So, I'm now halfway through the TODO list issue of the wclient development branch as alluded to in the last post. The wclient branch aims to rework and beef up the web client infrastructure of Evennia.
The first steps, which has been done a while was converting the SSH/SSL and IRC input/output protocols to use the new protocol infrastructure (telnet and websockets was done since before). That's just under-the-hood stuff though. Today I finished the changes to the Monitor/TickerHandlers, which may be of more general interest.
With the changes to the the way OOB (Out-Of-Band) messages are passing through Evennia (see this mailing list post for more details), the OOBHandler is no more. As discussed there, the handling of incoming data is becoming a lot freer and will be easily expandable to everyone wanting to make for a custom client experience. The idea is thus for Evennia to offer resources for various input commands to make use of, rather than prescribing such functionality in a monolothic way in the OOBHandler. There were three main functionalities the OOBHandler offered, and which will now be offered by separate components:
- Direct function callback. The instruction from the client should be able to trigger a named server-side function. This is the core of the inputfunc system described previously.
- Field/Attribute monitoring. The client should be able to request monitoring of an object's database fields or Attributes. For example, the client may request to be notified whenever the Character's "health" Attribute changes in some way. This is now handled by the new monitorhandler. See below.
- Non-persistent function repeats. One should be able to set up a repeating ticker that survives a server reload but does not survive a cold shutdown - this mimics the life cycle of server Sessions. Scripts could do this already but I wanted to be able to use the TickerHandler for quick assignment. Problem was that the Tickerhandler in master branch is not only always-persistent, it also only calls database object methods. So I have now expanded the tickerhandler to also accept arbitrary module functions, without any connection to a database object.
evennia.MONITOR_HANDLER is the new singleton managing monitoring of on-object field/attribute changes. It is used like this:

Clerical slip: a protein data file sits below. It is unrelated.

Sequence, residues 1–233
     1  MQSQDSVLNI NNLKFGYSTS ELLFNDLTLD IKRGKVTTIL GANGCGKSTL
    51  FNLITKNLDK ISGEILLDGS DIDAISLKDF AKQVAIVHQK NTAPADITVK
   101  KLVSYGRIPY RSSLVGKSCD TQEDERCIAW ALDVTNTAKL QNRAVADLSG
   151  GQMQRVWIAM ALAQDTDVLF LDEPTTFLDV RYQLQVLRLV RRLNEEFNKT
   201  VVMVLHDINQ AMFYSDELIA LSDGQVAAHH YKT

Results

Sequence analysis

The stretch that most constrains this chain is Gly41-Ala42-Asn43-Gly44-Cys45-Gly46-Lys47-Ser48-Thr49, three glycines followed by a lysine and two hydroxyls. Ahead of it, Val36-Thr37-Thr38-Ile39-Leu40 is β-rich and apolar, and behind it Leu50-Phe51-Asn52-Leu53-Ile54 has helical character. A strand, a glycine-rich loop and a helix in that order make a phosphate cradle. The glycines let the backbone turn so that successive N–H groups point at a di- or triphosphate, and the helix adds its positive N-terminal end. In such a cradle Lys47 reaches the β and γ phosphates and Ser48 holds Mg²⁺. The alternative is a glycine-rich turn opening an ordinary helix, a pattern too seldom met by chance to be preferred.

Here obj is a database entity, like a Character or another Object. The field_or_attrname is a string giving the name of a db_* database field (like "db_key", "db_location" etc). Any name not starting with db_ is assumed to be the name of an on-object Attribute (like "health"). Henceforth, whenever this field or attribute changes in any way (that is, whenever it is re-saved to the database), the callback will be called with the optional kwargs, as well as a way to easily get to the changed value. As all handlers you can also list and remove monitors using the standard MONITOR_HANDLER.remove(), .all() etc.
evennia.TICKER_HANDLER should be familiar to Evennia users from before - it's been around for a good while. It allows for creating arbitrary "tickers" that is being "subscribed" to - one ticker will call all subscribers rather than each object or function having its own timer.
Before, the syntax for adding a new ticker required you specify a typeclassed entity and the name of the method on it to call every N seconds. This will now change. This is the new callsign for creating a new ticker:
Here, interval, like before, defines how often to call callback(*args, **kwargs).
The big change here is that callback should be given as a valid, already imported callable, which can be either an on-entity method (like obj.func) or a global function in any module (like world.test.func) - the TickerHandler will analyze it and internally store it properly.
idstring works as before, to separate tickers with the same intervals. Finally persistent=False means the ticker will behave the same way a Script with persistent=False does: it will survive a server reload but will not survive a server shutdown. This latter functionality is particularly useful for client-side commands since the client Session will also not survive a shutdown.
... So this is a rather big API change to the TickerHandler, which will mean some conflicts for those of you relying heavily on tickers. Easiest will definitely be to simply stop the old and start new ones. It's not clear yet if we'll offer some automated way to convert old tickers to new ones. Chime in if this is something important to you.
The next steps involves making use of these new utilities to implement the basic OOB commands recommended by the MSDP and GMCP protocols along with some recommended functionality. We'll see how long that takes, but progress is being made. And if you are a web guy, do consider helping out.